I was having coffee recently with a former colleague and we got on the topic of a personal board of directors. The concept of a personal board of directors is based on, just as you might assume, that of an organization’s board of directors. Reframing your networking goals as building a personal board of directors is a fantastic way to think about making and developing new connections.
Aside from the explicitly assigned roles and duties, some of the most important things a board does is bring diversity to the decision-making process and advise the executives based on their own expertise. Thus, a key aspect of selecting people for such a board is diversity. You will also want to select strong leaders, rather than people who tend to be followers; creative minds, disagreeable personalities, and people who like to play devil’s advocate can offer great perspective.
Within Your Own Organization, Find:
- Someone to hold you accountable and be honest with you. This may be your boss or manager, but sometimes you just don’t have that relationship with your boss.
- Someone more experienced—possibly an executive; this might be the typical mentor who has been where you are or is perhaps currently in the position you want in the future.
- Someone less experienced—an intern or someone brand new to the company.
- Someone outside of your department, area of expertise, or geographic area—brings you a very different perspective on the company as well as access to their resources, knowledge, and connections.
Outside of Your Organization, Look For:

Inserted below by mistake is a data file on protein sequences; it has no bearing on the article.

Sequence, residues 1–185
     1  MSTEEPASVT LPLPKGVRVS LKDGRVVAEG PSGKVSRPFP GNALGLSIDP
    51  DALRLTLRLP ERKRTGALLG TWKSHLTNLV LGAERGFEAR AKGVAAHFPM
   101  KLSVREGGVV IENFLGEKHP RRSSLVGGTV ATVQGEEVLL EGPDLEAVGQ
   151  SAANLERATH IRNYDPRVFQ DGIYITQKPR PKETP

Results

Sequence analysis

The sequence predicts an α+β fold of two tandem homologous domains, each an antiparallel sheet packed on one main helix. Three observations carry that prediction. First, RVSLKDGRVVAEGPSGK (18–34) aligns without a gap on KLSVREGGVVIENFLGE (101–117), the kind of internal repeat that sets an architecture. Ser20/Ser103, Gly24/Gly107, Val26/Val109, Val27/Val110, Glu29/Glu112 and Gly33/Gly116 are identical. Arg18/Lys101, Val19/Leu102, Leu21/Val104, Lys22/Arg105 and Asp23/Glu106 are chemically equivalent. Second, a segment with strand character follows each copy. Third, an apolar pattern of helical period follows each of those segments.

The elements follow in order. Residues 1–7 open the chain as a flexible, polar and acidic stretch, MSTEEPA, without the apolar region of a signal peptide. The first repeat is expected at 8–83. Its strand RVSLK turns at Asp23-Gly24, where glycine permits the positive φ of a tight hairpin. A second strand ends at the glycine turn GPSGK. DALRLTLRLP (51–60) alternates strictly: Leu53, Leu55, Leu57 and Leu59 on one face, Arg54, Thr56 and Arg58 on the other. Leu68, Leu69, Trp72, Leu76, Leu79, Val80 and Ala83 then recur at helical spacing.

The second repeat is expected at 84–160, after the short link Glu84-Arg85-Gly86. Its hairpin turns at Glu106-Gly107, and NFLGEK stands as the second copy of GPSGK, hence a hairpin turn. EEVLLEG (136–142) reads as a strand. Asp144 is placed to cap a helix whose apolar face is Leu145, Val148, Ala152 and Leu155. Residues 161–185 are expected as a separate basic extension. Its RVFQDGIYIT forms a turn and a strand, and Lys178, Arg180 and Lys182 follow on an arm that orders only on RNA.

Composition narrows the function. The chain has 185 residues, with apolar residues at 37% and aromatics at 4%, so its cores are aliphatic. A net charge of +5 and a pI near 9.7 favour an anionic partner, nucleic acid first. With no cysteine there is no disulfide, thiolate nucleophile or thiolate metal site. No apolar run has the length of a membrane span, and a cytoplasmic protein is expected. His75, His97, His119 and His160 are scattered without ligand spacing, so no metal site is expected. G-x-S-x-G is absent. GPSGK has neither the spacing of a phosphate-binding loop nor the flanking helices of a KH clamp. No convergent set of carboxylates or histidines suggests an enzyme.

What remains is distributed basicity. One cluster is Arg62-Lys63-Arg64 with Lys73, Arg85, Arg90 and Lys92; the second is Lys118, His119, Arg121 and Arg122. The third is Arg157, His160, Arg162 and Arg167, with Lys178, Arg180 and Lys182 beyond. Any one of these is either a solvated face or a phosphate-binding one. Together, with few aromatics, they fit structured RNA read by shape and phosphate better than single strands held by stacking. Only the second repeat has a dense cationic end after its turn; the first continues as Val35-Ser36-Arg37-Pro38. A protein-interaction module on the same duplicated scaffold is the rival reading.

- Someone who is well-connected across many industries and vocations.
- Someone in your industry but not in your line of work.
- Someone in a similar role in a very different type of company (whether it be because of size, location, culture, industry).
- Someone who you can talk to about your hardest day and they will listen.
- Someone creative that inspires you to take risks.
How to Invite
Be patient with the process—it isn’t going to be quick or overnight and allow it to grow organically/naturally. You may not currently know any of the people listed above, even as acquaintances. Unlike an institutional board of directors, you don’t have to officially appoint your choices; this gives you the freedom to consult who you want when you want, change your mind about the frequency with which you do so, and an ability to be selective about the issues you bring to each. On the other hand, it may be a nice gesture to do so explicitly with a few—perhaps you will inspire them to create their own personal board of directors (advising them in return) or start a small group forum for developing innovations and sharing best practices.Posted in People Management